Report highlights sentencing laws for criminalized domestic violence survivors

Washington, DC — Histories of abuse are commonly reported among incarcerated people, particularly women, and when those experiences influence their involvement in crime, they are typically not accounted for by courts. A report released April 19 by The Sentencing Project and the Survivors Justice Project offers guidance to states on creating a more trauma-informed approach to sentencing practices for survivors of intimate partner violence, family abuse, and trafficking.

“Despite the criminal legal system’s purported goal of securing justice for crime victims, survivors of domestic violence and trafficking are instead often arrested, prosecuted, and imprisoned,” said Liz Komar, Sentencing Reform Counsel at The Sentencing Project, and a co-author of Sentencing Reform for Criminalized Survivors. “Confronting the many drivers of criminalization is essential for justice. A fair and proportional criminal legal system should account for the multitude of factors that led to an offense, including abuse.”

The report highlights lessons learned from passage of New York’s 2019 Domestic Violence Survivors Justice Act and offers model legislation for other states to follow. New York’s law created opportunities for survivors to receive a shorter sentence at their original sentencing hearing and, for those already incarcerated, provided an opportunity for resentencing. Thus far, 35 women, 4 men and 1 non-binary person, have received retroactive sentencing relief under the law; 80% are people of color. 

A growing number of states are considering similar bills. For example, the bipartisan Oklahoma Domestic Violence Survivorship Justice Act, which would allow courts to have more discretion when sentencing survivors for crimes where domestic abuse played a significant factor and provide opportunities for survivors to be resentenced, is headed for a state senate vote later this month after passing unanimously in the Oklahoma House of Representatives. According to a 2014 study of incarcerated Oklahoma mothers, over 65% of the women reported abuse from their intimate partner in the year prior to their incarceration. Efforts are also underway in Louisiana, Oregon and Minnesota, as well as other states.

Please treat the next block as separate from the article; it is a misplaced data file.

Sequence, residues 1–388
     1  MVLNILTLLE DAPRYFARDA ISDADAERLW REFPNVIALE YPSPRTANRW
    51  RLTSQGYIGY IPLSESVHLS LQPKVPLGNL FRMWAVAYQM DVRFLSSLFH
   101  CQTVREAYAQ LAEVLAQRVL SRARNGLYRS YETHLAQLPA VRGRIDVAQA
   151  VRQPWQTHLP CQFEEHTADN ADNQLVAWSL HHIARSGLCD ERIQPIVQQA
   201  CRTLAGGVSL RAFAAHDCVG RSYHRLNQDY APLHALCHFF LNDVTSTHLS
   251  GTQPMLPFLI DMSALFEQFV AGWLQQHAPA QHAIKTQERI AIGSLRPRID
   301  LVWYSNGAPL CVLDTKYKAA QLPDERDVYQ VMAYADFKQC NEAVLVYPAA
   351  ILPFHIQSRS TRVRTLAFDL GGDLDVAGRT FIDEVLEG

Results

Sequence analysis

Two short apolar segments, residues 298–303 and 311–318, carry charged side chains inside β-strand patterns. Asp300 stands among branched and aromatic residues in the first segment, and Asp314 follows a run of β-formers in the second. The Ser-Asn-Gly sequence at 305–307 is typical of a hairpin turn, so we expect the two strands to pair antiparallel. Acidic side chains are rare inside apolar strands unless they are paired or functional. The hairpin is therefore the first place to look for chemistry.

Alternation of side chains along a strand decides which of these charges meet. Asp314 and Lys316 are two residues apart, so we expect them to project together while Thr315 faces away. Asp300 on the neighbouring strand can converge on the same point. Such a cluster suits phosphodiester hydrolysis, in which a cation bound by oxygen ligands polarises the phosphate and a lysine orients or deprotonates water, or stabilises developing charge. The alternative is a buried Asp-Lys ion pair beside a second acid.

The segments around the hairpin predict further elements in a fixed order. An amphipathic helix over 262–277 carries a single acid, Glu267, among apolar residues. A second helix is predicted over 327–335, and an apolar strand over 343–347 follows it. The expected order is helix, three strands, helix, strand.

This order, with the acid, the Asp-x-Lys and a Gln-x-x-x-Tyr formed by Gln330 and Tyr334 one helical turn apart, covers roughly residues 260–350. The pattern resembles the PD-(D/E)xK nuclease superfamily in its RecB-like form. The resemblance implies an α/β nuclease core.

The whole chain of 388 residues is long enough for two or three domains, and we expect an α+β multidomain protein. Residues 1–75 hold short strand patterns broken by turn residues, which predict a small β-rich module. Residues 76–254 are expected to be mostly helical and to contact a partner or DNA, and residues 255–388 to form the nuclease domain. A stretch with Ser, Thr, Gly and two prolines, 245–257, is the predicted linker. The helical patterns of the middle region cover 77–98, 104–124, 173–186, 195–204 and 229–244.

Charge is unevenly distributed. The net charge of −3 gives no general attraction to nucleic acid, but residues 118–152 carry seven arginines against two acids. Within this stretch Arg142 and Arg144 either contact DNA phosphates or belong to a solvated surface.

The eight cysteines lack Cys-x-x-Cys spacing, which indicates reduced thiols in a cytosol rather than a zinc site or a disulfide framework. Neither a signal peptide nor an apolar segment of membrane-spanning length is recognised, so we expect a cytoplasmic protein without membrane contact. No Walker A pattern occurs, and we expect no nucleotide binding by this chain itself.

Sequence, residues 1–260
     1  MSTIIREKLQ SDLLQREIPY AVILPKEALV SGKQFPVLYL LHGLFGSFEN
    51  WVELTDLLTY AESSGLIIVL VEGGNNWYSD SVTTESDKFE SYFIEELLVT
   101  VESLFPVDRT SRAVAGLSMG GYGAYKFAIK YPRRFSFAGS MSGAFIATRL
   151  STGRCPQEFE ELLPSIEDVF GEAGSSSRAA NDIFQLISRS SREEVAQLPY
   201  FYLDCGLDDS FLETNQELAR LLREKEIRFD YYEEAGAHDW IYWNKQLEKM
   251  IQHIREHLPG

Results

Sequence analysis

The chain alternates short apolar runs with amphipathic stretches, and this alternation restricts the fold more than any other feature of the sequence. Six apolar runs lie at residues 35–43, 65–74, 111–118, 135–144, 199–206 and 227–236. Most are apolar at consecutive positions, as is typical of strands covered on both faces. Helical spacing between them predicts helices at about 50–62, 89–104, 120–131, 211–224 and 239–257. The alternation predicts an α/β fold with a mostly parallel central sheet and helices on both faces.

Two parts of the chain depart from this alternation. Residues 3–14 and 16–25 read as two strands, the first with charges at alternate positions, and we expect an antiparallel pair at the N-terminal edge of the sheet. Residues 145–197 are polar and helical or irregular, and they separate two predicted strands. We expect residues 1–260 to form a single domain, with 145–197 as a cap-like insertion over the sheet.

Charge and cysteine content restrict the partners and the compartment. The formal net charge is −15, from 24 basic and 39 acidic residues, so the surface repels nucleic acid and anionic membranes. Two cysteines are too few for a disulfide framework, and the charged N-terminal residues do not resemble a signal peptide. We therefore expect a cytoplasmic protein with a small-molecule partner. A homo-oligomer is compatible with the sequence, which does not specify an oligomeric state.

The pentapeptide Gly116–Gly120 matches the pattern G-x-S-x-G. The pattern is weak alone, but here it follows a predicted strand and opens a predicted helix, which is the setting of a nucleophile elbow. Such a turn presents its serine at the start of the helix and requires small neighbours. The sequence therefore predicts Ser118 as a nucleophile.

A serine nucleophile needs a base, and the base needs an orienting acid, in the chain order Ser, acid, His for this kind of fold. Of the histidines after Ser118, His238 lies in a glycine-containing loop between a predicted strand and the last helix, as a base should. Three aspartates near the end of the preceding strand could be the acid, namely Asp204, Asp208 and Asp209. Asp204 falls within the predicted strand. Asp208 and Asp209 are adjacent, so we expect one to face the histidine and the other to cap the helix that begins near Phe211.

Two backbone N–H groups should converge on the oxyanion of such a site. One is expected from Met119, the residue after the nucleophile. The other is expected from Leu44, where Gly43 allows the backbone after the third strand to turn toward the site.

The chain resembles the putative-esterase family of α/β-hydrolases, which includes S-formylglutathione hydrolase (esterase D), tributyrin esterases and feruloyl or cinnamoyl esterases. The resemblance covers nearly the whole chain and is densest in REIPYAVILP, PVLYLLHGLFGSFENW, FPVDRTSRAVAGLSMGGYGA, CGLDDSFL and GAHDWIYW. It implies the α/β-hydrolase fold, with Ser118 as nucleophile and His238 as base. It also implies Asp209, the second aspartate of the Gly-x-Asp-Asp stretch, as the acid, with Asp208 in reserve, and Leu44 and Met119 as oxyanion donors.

According to the report, domestic abuse and human trafficking can lead survivors into the criminal legal system in several ways. Victimization can result in loss of housing, income, savings, and other instability – all of which push individuals into committing crimes to meet basic survival needs. Survivors may also be criminalized for defending themselves or others, or be coerced into crime. Coping with the effects of trauma can also lead to substance abuse and arrest. Once in the criminal legal system, survivors have few opportunities for relief.  

“The need for sentencing reform for survivors is urgent, and part of a broader decarceration movement,” said Kate Mogulescu, Project Director for the Survivors Justice Project, and a co-author of the Criminalized Survivors report. “While most women in prison report a history of abuse, survivor sentencing reform, like that being modeled here in New York, would benefit incarcerated abuse survivors of all genders across the country who are serving or facing extreme felony sentences.”  

The report also highlights the experiences of individuals who have applied for DVSJA relief in New York, as well as individuals who would benefit from similar laws being enacted in their respective states. For example, April Wilkens is currently serving a life sentence in Oklahoma for killing her abusive former partner. On the night that would lead to her incarceration, Wilkens’s former partner beat and sexually assaulted her for hours until she was able to take his gun and fire multiple times, killing him.

 If passed, the Oklahoma Domestic Violence Survivorship Justice Act would provide her with an opportunity to receive a lower sentence. 

Along with Komar and Mogulescu, Clarissa Gonzalez, J.D., Legal Fellow for the Survivors Justice Project; Elizabeth Isaacs, J.D., Teaching & Advocacy Fellow for the Survivors Justice Project; and Monica Szlekovics, Project Coordinator for the Survivors Justice Project, co-authored the Sentencing Reform for Criminalized Survivors report – with support from the Survivors Justice Project Advisory Group. 

The Sentencing Project promotes effective and humane responses to crime that minimize imprisonment and criminalization of youth and adults by promoting racial, ethnic, economic, and gender justice. 

The Survivors Justice Project is a collective of activists, lawyers, social workers, students, and researchers – many of whom are survivors of domestic violence and long-term incarceration – that fights for decarceration through the New York Domestic Violence Survivors Justice Act.